My first reaction when I hear a complaint is to defend myself. “It’s not true!” “What about this?” “What about that?”

Is that how you feel? If so, I understand. Nobody likes to be attacked. It might be natural, but it’s also very expensive and short-sighted. In reality, when other people throw grievances your way, they just might be providing you with an amazing opportunity.

Here’s a story that illustrates that point. A 10 year-old British lass recently wrote a scathing letter to the operators of Meadowhall in Sheffield, her local shopping mall. Chloe Nash-Lowe was very upset by slow-walking shoppers who made it difficult for her to complete her lightning-round consumer spree. She reported having a terribly disappointing shopping experience and demanded satisfaction.

I don’t know about you, but if I were the mall manager, my first thought would be to tell that child find some compassion or go outside and play. Fortunately, the people in charge of the mall did something much smarter. They listened. They responded with a fast and slow lane for consumers visiting their shops. This allows everyone to traverse the mall at their own chosen speed.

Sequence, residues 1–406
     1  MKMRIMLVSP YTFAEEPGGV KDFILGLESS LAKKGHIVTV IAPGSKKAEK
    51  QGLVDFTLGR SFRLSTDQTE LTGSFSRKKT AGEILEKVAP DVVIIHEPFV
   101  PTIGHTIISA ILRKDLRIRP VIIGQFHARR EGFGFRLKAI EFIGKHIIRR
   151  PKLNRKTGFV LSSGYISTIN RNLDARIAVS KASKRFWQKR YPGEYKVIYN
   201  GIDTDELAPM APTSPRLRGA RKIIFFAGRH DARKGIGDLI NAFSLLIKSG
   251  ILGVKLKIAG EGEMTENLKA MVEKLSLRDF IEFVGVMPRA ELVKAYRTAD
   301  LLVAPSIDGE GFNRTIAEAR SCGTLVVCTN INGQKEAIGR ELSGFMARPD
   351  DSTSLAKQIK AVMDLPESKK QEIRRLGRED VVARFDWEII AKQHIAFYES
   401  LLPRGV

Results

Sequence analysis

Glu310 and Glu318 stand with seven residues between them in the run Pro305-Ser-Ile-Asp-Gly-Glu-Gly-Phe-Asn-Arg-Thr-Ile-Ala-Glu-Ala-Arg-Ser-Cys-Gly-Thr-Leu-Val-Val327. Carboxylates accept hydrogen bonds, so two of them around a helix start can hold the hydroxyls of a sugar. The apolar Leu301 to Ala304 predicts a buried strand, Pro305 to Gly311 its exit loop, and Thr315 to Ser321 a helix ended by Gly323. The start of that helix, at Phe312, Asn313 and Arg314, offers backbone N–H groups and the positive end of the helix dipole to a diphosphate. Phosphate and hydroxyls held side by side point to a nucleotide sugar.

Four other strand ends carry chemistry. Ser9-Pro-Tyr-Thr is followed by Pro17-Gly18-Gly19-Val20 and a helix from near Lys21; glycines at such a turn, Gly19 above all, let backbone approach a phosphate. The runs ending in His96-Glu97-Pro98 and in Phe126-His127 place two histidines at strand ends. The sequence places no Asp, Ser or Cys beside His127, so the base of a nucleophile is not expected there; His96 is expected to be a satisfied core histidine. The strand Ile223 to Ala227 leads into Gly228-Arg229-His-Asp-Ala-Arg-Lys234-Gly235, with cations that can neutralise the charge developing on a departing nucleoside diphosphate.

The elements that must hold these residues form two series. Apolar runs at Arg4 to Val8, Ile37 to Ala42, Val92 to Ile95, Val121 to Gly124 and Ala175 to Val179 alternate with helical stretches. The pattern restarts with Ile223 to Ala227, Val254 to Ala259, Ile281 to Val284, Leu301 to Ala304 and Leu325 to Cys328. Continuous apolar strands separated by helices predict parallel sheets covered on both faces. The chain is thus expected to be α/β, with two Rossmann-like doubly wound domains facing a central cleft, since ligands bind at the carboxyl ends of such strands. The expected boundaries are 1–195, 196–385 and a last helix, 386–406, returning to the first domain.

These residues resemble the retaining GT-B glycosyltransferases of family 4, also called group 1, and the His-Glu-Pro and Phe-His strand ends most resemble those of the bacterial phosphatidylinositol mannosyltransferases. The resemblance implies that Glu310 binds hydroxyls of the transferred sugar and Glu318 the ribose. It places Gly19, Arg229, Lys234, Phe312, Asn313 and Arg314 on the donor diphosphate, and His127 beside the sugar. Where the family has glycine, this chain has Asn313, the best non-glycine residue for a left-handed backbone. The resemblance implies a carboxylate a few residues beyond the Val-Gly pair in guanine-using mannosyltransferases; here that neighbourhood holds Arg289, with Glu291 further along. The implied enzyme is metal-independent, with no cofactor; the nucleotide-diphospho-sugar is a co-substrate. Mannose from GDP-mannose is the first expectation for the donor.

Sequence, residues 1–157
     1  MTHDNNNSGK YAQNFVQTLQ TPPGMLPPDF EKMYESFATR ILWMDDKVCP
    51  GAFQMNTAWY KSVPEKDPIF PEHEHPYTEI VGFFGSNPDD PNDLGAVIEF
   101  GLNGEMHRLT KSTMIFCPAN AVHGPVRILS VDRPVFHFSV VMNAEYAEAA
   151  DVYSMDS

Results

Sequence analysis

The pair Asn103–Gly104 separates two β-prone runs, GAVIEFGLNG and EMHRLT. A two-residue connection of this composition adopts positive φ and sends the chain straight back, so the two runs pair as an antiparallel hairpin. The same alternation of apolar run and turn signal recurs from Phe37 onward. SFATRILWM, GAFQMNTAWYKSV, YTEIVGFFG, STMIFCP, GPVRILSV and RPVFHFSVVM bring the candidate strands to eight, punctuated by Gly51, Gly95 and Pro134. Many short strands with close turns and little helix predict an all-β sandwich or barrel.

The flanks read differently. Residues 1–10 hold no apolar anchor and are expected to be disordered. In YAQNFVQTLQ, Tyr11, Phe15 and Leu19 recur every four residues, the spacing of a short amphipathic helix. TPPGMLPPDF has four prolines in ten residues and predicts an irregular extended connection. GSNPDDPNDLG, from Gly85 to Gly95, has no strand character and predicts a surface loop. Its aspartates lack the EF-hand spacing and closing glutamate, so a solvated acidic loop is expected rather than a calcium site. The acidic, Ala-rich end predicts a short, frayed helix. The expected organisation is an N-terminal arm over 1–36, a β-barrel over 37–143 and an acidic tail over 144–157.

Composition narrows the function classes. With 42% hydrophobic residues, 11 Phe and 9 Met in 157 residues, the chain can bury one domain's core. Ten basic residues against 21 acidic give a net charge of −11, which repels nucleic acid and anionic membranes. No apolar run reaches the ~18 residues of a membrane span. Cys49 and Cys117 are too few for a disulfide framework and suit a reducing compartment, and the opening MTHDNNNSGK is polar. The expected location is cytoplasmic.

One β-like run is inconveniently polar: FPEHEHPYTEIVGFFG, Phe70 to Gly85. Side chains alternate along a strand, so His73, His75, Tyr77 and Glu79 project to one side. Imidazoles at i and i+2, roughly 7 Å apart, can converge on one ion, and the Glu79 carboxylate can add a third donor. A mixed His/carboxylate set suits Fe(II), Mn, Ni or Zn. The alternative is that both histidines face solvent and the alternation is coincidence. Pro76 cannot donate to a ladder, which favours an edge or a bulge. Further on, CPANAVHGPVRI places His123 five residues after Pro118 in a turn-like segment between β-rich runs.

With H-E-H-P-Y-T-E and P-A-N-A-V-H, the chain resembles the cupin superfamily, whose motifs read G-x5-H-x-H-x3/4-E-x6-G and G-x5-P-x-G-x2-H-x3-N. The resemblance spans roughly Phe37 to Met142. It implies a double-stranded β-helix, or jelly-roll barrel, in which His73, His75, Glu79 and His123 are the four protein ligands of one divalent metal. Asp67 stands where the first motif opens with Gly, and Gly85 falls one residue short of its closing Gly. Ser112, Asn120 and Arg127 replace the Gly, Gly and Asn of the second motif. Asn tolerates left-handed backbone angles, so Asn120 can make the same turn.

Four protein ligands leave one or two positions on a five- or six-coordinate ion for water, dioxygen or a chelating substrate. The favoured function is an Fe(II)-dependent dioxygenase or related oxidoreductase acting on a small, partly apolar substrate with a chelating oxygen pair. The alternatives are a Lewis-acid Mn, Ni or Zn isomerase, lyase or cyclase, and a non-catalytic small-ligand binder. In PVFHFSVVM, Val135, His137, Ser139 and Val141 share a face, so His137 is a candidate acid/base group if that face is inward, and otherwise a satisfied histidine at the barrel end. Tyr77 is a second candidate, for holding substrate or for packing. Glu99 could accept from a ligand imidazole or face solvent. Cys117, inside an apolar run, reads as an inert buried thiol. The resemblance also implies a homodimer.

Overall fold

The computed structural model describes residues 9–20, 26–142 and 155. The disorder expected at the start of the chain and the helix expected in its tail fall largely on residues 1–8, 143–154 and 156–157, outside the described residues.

This tactic paid off tremendously for the mall. Mall managers demonstrated a willingness to listen to the consumer. They provided a solution (although I don’t know how people relegated to the “slow lane” are going to feel about it). They implemented a competitive advantage at almost no cost. And they received world-wide publicity for free.

How You Can Use Complaints to Your Advantage

You can leverage this idea at work, but you can also use this concept in your personal financial life.

Let’s say you and your spouse have been talking about life insurance for some time and can’t agree on the amount and type of coverage. At some point, he accuses you of dragging your feet and of not wanting to understand the problem. That kind of statement is enough to boil anyone’s tea, but resist your urge to retaliate. If you take the bait and get into an argument, you’re not going to solve the problem. You’ll only make it worse.

Read more: How to Use Complaints to Transform Your Financial Life

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